Research conducted by this paper reveals that during the general election, /u/ARichTeaBiscuit promised voters that “Labour supports the current status of the monarchy“, after Labour were accused of being republicans and not being honest about it.
It is thought that the leader was simply claiming to be a monarchist to win over voters in their bid to be Prime Minister. In the recent vote in the commons on the republican bill, Akko only managed a mere abstention while giving the rest of their MPs a free vote, a hard u-turn from their election promise.
There was however some hope that the free vote would result in most Labour MPs backing the monarchy. During the election campaign the Shadow Chancellor was questioned on his republican credentials, but insisted he was an “abnormality” in Labour.
This was again not to be the case, as it stands all but a few Labour MPs have voted, with the vast majority voting aye, and only three voting no. Another campaign claim that has not come true.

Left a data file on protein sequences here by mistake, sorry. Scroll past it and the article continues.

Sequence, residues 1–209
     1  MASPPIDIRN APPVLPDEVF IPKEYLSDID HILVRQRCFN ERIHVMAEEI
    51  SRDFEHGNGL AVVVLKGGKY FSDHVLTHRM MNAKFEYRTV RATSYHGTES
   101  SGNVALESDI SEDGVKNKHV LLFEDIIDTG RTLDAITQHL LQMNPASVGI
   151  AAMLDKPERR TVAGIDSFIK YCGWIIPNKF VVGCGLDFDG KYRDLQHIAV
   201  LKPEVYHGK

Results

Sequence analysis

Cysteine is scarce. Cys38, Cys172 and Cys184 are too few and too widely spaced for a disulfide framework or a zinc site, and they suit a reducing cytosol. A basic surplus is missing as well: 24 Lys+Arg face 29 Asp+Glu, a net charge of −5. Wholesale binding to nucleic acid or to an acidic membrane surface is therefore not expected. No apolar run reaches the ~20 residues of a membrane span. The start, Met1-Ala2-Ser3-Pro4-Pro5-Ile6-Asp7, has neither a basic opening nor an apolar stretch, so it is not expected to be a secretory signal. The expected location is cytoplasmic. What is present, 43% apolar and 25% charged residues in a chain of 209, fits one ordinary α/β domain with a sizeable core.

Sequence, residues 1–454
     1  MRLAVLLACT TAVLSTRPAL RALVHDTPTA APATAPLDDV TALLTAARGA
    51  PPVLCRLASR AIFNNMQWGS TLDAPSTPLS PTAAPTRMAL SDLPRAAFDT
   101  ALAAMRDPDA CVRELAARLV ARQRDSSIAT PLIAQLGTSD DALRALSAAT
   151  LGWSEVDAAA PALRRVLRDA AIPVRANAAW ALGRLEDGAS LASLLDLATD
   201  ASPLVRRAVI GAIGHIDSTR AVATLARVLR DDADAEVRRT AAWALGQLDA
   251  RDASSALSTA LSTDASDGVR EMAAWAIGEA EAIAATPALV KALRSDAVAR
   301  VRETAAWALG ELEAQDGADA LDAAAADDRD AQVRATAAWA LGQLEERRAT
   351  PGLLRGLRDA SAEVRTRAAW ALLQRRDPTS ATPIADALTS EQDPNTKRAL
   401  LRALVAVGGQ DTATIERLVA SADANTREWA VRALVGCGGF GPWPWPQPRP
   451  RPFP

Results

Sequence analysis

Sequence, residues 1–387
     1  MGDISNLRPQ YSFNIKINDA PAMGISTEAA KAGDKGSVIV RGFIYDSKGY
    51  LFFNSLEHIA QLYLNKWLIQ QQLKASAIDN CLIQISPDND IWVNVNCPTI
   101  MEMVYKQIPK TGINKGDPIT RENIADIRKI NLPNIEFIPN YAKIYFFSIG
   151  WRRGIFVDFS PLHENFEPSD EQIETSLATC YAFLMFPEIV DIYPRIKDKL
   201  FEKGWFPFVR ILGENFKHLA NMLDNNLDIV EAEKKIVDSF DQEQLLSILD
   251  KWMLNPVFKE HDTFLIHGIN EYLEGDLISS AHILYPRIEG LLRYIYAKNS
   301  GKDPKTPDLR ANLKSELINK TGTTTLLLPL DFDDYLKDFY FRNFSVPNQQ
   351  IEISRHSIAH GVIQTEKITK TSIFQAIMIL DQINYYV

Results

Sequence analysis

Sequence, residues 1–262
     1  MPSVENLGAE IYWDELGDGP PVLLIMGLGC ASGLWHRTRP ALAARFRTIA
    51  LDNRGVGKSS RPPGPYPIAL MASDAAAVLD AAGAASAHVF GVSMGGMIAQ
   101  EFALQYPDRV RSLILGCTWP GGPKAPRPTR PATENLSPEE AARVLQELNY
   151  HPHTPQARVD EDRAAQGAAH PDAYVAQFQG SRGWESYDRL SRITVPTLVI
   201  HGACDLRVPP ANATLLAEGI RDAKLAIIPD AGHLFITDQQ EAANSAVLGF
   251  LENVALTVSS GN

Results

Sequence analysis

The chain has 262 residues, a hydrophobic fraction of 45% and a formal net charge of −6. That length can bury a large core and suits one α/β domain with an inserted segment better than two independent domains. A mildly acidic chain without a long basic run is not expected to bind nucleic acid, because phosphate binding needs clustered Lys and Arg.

The Spectator caught up with a number of MPs, including Captain_plat who was asked if she had abused her position of trust by voting aye, given that voters put her in a position of power under the pretext of Labour supporting the monarchy. Her response: “That’s a dishonest question.“. When asked if she owed her voters an apology, she said “I do not”.
She also continually claimed that Labour did not support her position, despite the vast majority of Labour MPs voting to abolish the monarchy. She maintained that the voters didn’t deserve an apology from her.
JellyCow was also asked how he justified his stance on the monarchy given the election promise. He claimed that he couldn’t “recall RichTea making such a promise”.
Next was the Labour press office where we asked if Labour supports the current status of the monarch or not.
Not exactly the answer this paper was looking for. Archism_ was not available to comment and RedWolf declined to comment on their republican credentials in relation to akko’s election promise.
ARichTeaBiscuit was approached for an apology or a comment on their u-turn, but refused to utter a sound.
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